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How to add $150,000 in gross commissions to your bottom line



This past week I was in Toronto attending RRi Mastery 2007, a 3 day high level training program for some of Canada’s top Realtors (and a few from the US).

This was the 4th time I’ve been able to hear Richard Robbins speak, and as always, it was great.

I had the pleasure of meeting a fellow blogger and AG reader Steven Campbel. Check out the picture of me and Ari ‘Ziderforce’ Zider sitting front and centre.

Over the next few weeks I’m going to share some A-HAs I had about my business, in the hopes that what helped me can help you.toronto-mastery-ti07-pictures-0401.jpg

This will work best if you’re really active in the comments about what works well (or not so well) in your business.

A-HA #1 – every lead is gold.

Too often when a lead comes in (an email from your blog, a call from a local investor etc.) we are quick to dismiss it. Maybe they don’t want to meet in person, maybe they aren’t clear on what they want, maybe the rapport just wasn’t there when you spoke on the phone. Maybe they don’t follow up with us, and we forget about them. Sometimes we promise to get back to them with info and fon’t follow up the next day, or the day after… and pretty soon we say it’s too late to call. We’ve all done it.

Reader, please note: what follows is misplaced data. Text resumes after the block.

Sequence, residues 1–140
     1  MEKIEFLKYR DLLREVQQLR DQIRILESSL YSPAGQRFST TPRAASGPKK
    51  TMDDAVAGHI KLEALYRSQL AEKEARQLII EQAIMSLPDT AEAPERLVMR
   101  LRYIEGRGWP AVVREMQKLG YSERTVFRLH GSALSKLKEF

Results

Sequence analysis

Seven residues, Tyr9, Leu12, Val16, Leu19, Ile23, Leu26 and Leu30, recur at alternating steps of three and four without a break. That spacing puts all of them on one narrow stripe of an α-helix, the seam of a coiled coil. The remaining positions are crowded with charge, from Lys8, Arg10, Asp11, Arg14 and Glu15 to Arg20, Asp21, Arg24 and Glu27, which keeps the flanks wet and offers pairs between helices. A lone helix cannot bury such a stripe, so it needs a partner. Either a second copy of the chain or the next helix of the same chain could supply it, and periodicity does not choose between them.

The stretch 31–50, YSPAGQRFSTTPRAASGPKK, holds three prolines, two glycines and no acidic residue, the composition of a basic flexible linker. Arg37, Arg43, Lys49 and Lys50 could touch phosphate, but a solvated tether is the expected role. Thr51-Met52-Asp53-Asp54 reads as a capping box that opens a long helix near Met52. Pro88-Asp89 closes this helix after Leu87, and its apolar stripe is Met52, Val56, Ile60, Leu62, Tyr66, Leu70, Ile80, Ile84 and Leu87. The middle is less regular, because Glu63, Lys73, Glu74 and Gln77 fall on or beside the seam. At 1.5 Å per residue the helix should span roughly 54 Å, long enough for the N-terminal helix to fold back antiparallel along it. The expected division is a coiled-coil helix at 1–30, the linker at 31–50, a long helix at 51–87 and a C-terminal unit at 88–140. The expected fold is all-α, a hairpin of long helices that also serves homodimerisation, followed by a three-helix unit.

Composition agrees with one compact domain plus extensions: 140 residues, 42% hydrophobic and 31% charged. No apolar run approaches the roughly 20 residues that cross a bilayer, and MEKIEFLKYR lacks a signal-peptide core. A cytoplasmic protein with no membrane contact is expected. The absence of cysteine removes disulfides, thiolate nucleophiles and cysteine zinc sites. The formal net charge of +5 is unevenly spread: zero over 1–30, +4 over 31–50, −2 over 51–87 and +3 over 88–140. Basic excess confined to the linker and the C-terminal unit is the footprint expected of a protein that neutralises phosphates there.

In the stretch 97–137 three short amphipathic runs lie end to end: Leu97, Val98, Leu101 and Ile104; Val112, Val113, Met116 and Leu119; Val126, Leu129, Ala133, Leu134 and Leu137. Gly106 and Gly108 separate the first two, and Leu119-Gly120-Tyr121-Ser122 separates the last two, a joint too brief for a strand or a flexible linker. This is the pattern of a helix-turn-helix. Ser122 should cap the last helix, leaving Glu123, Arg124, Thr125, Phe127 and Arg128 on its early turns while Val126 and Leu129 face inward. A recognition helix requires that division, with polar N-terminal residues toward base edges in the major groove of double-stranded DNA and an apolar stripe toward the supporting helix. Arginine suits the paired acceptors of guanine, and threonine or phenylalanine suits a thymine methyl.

I was speaking to a top agent from Toronto at the program, and he related a story to me. In May of this year, his team came to him and said they weren’t getting enough leads coming in – at least not quality leads.

The top agent sat down with a list of every lead that had come into his team’s office since January, just five months, and he called them all to see if they were still interested in buying or selling property.

What he found was staggering. 55 of the leads had bought or sold real estate already, after speaking to his team. Multiply 55 by a $5000 average commission, and you have a $275,000 oversight.

Better follow up & lead qualification would have added more than an extra quarter million dollars in revenue for his team in less than half the year. What is it costing you?

After hearing that story, I sat down and made a list of 30 people who I’ve met with and not yet done business. This list represents 30 investors who need my help to build their wealth, and one of the things I’ll be doing this month as we ramp up for 2008 is contacting and re-qualifying (more on that soon) them, and doing business with them.

How much money have you left on the table by not following up with your leads?